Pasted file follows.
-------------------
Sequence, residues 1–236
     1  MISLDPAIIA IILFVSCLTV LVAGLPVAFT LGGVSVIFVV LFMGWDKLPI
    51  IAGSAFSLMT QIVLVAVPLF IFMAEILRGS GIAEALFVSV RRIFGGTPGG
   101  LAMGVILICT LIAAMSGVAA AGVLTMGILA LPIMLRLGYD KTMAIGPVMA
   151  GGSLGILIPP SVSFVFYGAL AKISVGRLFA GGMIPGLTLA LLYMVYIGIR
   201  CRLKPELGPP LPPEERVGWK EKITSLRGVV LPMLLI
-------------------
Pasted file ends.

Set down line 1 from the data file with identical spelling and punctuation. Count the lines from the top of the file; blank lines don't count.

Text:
Sequence, residues 1–236